The people who used to light single candles rather than curse the darkness now have searchlights at their disposal.
The Helsinki Accord and other treaties of the 1970s gave rise to a wave of new human rights groups. They labored tirelessly to publicize the failures of totalitarian regimes to uphold rights they had just signed onto. These activists helped end the cold war.
Their movement started small but has grown. "It's a big battalion. It's got troops, it's got divisions. It's got fax machines!" Harvard historian Michael Ignatieff told a recent forum on human rights at the John F. Kennedy Library in Boston. The annual budget of Human Rights Watch, for instance, has grown from $200,000 to $20 million.
The world's human rights agenda is changing, in part because sovereignty is changing. Governments are more willing to accept international norms. Courts now cite precedents from courts in other countries. Even the historically Euroskeptical British have signed onto European standards of justice.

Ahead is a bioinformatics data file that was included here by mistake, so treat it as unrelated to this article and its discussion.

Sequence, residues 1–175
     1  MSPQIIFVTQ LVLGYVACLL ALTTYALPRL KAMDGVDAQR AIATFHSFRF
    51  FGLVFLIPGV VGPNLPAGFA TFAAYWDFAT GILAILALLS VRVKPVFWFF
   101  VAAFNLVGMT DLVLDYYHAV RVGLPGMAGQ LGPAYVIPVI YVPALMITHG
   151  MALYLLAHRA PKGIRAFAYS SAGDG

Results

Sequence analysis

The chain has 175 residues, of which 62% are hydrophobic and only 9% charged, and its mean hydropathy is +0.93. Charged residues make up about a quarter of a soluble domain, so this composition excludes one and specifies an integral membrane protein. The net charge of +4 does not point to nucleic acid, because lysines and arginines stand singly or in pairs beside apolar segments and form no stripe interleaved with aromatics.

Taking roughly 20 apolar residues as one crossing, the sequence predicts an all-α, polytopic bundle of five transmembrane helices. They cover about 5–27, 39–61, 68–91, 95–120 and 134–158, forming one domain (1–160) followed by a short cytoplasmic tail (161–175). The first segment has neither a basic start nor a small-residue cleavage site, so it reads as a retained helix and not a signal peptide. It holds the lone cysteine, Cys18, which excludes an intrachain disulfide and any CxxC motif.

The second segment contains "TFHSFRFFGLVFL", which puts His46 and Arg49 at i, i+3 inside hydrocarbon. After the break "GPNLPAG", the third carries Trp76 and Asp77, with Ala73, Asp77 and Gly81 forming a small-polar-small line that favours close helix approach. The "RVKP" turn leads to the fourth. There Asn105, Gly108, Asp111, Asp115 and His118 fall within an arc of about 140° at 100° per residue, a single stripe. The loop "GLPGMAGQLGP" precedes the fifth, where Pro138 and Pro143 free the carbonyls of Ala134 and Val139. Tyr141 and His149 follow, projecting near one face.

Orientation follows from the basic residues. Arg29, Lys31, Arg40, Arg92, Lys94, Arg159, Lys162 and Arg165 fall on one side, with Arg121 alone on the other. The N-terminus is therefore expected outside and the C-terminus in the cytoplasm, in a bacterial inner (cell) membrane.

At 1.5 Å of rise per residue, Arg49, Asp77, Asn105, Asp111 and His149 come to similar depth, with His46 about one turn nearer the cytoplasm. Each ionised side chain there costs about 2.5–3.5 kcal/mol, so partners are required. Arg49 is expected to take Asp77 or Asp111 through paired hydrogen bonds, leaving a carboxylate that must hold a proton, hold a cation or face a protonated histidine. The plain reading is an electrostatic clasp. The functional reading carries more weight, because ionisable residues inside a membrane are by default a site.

The United States remains out of step with all this.
"There are three great languages of American freedom: civil liberties, civil rights, and human rights," the Canadian-born Ignatieff said. "But human rights is for export. At home you use the language of civil liberties." The US system remains "self-enclosed."
For this, Ignatieff blames the legacy of slavery. The hesitancy to accept international human rights standards goes back to the 1950s, when the US feared exposing the Jim Crow South to global scrutiny.
And today, Americans fail to appreciate the degree to which the US is the outlier on issues such as capital punishment, and the rights of women and children.